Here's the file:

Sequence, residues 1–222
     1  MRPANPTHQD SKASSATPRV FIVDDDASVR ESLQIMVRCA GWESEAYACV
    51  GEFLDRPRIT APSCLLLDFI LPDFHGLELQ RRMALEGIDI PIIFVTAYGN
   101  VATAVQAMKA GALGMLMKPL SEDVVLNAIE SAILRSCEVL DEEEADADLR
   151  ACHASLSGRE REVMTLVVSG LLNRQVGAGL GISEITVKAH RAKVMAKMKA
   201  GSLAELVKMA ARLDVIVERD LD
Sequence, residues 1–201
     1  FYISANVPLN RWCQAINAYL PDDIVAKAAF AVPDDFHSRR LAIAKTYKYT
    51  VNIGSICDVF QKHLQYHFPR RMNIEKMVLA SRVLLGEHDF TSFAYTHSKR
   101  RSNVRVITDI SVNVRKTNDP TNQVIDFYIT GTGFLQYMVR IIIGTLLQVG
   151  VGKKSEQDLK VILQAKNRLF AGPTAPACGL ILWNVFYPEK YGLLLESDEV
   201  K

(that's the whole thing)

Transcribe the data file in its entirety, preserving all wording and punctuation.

Sequence, residues 1–222
     1  MRPANPTHQD SKASSATPRV FIVDDDASVR ESLQIMVRCA GWESEAYACV
    51  GEFLDRPRIT APSCLLLDFI LPDFHGLELQ RRMALEGIDI PIIFVTAYGN
   101  VATAVQAMKA GALGMLMKPL SEDVVLNAIE SAILRSCEVL DEEEADADLR
   151  ACHASLSGRE REVMTLVVSG LLNRQVGAGL GISEITVKAH RAKVMAKMKA
   201  GSLAELVKMA ARLDVIVERD LD
Sequence, residues 1–201
     1  FYISANVPLN RWCQAINAYL PDDIVAKAAF AVPDDFHSRR LAIAKTYKYT
    51  VNIGSICDVF QKHLQYHFPR RMNIEKMVLA SRVLLGEHDF TSFAYTHSKR
   101  RSNVRVITDI SVNVRKTNDP TNQVIDFYIT GTGFLQYMVR IIIGTLLQVG
   151  VGKKSEQDLK VILQAKNRLF AGPTAPACGL ILWNVFYPEK YGLLLESDEV
   201  K